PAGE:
With last summer price rises, is deregulation still a good deal? Spikes in Texas’ electricity prices lst summer caused many to question deregulation’s impact in a positive sense. However, even though previous assertions that deregulation would lower prices for businesses and consumers, more competition has probably meant that prices themselves HAVE indeed remained lower than they would had deregulation not been instituted. It should also be noted that wholesale electricity prices actually took a drop between 2005 and 2006, several years after the inception and implementation of the deregulation. In addition, even though some electricity comes from (currently cheaper) coal plants, Texas electric companies have to set their prices at the higher natural gas production level, because natural gas power plants are needed to supply growing demand. And again, as demand grows, natural gas is going to become an increasingly important supplier of electricity.
What cost savings has this had for consumers and businesses? When deregulation was implemented, prices are still somewhat less than they would have been had deregulation not occured. In addition, it should be noted that electric companies are still absorbing some of the price increases, since prices went up for customers an average of 43% between the years of 2002 to 2004, even though input costs, such as those from natural gas, rose by 63%. Therefore, you can see that some of these costs have been borne by the electric companies and not consumers, because of the increased competition. With the Price to Beat Program enforced through January 1, 2007, new competitors could enter the market safely without fear that incumbents would undercut them in price. This has also controlled prices and increased competition. And of course, that benefits both businesses and consumers because with lower Texas electric prices to pay, businesses can keep their own overhead costs low, and pass the savings on to consumers.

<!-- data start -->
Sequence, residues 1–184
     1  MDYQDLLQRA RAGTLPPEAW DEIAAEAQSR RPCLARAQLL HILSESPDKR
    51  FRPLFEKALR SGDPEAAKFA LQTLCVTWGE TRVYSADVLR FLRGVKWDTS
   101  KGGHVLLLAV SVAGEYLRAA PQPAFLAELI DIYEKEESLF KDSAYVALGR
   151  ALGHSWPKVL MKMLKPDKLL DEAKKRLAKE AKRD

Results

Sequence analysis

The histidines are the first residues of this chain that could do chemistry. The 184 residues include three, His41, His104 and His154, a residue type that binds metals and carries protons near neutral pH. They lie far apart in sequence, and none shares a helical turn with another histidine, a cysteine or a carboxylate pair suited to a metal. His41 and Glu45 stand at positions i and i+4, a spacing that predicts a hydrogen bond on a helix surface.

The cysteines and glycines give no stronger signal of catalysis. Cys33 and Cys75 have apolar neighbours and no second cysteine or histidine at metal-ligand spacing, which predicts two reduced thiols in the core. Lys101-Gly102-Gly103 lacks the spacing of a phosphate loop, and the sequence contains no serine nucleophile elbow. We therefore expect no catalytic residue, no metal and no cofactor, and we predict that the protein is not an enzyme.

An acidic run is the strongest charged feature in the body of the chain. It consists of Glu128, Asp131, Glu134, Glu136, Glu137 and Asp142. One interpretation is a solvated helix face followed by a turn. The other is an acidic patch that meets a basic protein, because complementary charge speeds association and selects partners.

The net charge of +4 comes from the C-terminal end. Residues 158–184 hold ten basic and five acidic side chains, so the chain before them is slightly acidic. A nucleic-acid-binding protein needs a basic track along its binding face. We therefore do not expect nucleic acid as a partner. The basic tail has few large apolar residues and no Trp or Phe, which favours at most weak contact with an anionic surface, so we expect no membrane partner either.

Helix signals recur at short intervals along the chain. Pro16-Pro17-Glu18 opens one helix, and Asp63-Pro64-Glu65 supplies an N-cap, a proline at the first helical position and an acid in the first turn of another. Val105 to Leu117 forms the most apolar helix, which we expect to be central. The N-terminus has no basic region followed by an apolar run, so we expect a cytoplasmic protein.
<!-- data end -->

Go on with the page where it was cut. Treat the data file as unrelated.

Environmental impacts: Deregulation has also allowed businesses and consumers to begin to take advantage of more environmentally friendly electricity suppliers, such as the wind turbine companies that have begun to jump on board. What this means, of course, is that these businesses have impacted the environment favorably — but have been able to participate entirely because of the deregulation, which they may not have been able to do had it not happened. As of 2006, Texas surpassed California in its use of clean electricity generated from wind turbines. Other alternative energy sources are also in development, including solar and hydropower, biomass, and landfill gas.
Less electric consumption altogether – As electric prices have risen (even though, as stated previously, they would have arguably risen more in a market dominated by incumbents with no competition), consumers and businesses alike have jumped fully into conservation mode. This is something that may not have happened were electric prices not to have risen so substantially. And with businesses modeling this type of good behavior to consumers, this is truly responsible behavior that can only bring about good overall.